I-voting report tabled in NSW Parliament - Minister for Disability Services Peter Primrose today spoke of the importance of a proposal that would see the introduction of technology supported voting for people in NSW who are blind or have low vision.
Speaking at the opening of Vision Australia's TEXPO exhibition, which showcases the latest technology available to help people who are blind or have low vision, Mr Primrose said that Cabinet would soon consider the proposal.
"Its timely that we are here today talking about the importance of technology and information that supports people who are blind or have low vision the day after a major step forward was prefaced by the Premier in the area of voting rights.
"The Keneally Government requested the Electoral Commissioner examine voting methods to ensure all people are able to exercise their democratic right to vote equally.
"And yesterday we tabled the Electoral Commissioner's report into i-voting, which recommends the introduction of internet and telephone voting for people who are blind or have low vision.
"This would allow a more equitable access to voting for the 70,000 blind or visually impaired electors in NSW who currently rely on assistance from a friend or relative or who wrestle with a Braille ballot paper which can be up to 67 pages long.
"The recommendations of the report will shortly be considered by Cabinet," he said.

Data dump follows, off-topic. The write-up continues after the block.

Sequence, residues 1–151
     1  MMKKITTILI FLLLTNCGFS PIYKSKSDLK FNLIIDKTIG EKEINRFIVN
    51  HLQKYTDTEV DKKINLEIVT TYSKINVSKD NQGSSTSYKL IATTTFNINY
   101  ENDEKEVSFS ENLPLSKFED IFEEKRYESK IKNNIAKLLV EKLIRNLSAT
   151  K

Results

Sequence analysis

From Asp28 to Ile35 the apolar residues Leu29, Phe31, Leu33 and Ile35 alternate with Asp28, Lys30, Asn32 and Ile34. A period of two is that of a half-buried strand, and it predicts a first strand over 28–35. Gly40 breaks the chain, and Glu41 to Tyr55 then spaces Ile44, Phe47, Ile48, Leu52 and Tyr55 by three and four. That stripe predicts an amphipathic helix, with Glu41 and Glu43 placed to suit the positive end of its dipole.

Mr Primrose praised the work of Vision Australia saying the organization played an "absolutely critical role" in the community by providing information and advice to people who were blind or have low vision.
"We need to do more to make the community more accessible for people who are blind or have low vision and to ensure the rights of people are protected.
"That includes everything from enabling participation in the most fundamental right in a democratic country - the right to vote - to ensuring that people who are blind or have low vision have access to supporting information and technology.
"Vision Australia play a critical role by promoting the latest equipment and technology to improve the quality of life of people who are blind or have low vision.
"This exhibition, TEXPO, is a terrific way to showcase the latest technology that is available to help people who are blind or have low vision.
"Their quality of life is greatly improved by the terrific work of Vision Australia, who is one of the more entrepreneurial and innovative service providers in NSW," he said.
Mr Primrose said that Vision Australia provided a range of programs around the State which included social support, case management, accommodation, learning and life skills and therapy services.
"The NSW Government is pleased to have provided the organization with almost $3 million to continue its extensive range of services.
"In June last year, the NSW Government provided Vision Australia with an extra $1 million for a four year project to provide training for other organizations, to investigate the provision of flexible respite packages and for the purchase of new equipment.
"I look forward to continuing to work with Vision Australia to support the many people in NSW who are blind or have low vision that use their services," he said.
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